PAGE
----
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Film Financing Strategy





In the world of independent film financing everyone seems to be talking about "soft money". What does this term mean and why is it such a popular strategy for indie film funding?

As numerous veteran producers will tell you, cash has become scarce and over the last 3-4 years raising financing for films has become even more difficult. In the past, a variety of different types of investors helped to contribute coin toward a film's negative cost (production budget). Some of the investors in film projects and independent movie studios included insurance companies with excess cash to invest, owners of television stations on a global basis willing to make advances for TV distribution rights, and film funds that sprung up to take advantage of tax advantages in several countries, just to name a few of the previously popular film funding sources.

The volatile global economy helped to create a risk-averse mood, impacting both large corporate motion picture investors as well as private investors who supported independent film projects. Film financing has changed and many of the previously established strategies for generating film investment dollars are simply no longer available. Other sources of film funding invest at much lower levels. In the case of some film investors, such as banks, have tightened their lending criteria so that only the largest, most-established, filmmaking teams have any hope of seeing film financing from that source.

Soft money film financing takes on a variety of different forms:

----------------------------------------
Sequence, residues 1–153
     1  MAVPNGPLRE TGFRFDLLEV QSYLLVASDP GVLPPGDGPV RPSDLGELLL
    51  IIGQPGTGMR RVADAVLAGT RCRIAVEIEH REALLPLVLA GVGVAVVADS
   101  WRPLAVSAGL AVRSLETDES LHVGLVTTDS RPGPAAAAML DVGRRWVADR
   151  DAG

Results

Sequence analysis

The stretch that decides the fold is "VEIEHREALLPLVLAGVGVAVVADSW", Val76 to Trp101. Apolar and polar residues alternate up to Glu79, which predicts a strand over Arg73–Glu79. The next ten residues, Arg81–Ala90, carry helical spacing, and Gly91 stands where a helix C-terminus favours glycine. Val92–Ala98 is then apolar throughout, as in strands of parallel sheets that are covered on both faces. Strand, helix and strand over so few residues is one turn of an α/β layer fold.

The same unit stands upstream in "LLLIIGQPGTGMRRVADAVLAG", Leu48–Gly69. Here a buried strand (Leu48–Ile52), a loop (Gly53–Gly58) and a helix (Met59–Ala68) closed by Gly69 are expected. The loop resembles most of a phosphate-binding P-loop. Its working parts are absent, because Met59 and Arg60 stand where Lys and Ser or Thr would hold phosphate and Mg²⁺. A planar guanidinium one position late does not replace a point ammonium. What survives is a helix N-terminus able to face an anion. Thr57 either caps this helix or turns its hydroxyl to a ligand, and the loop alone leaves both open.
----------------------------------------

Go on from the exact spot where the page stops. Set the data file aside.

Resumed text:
* Tax Credits & Tax Allowances

* Co-productions

* Government-backed Loan Support

* Subsidies

* Negotiated Service Discounts & Barter

* Box-office Rebates/Tax Support

These motion picture financing sources contribute to a film's production budget, reducing the total funds that need to be raised. While various film incentive programs often do not involve cash changing hands, they can help a film get the green light to move into production. Several states in the U.S. now offer motion picture production and/or investment incentives as do a variety of different countries and regions.

There are frequently very specific requirements for accessing film production funds from these sources. Not all sources of financing will be appropriate for all film projects. Some may require cooperation with production companies in other locales to fully access the incentives available.

Sharp Angle offers consulting services that help you determine if soft money can be raised for your film. When applicable, we also include these strategies in the film business plans we create for our clients. E-mail us for more information.

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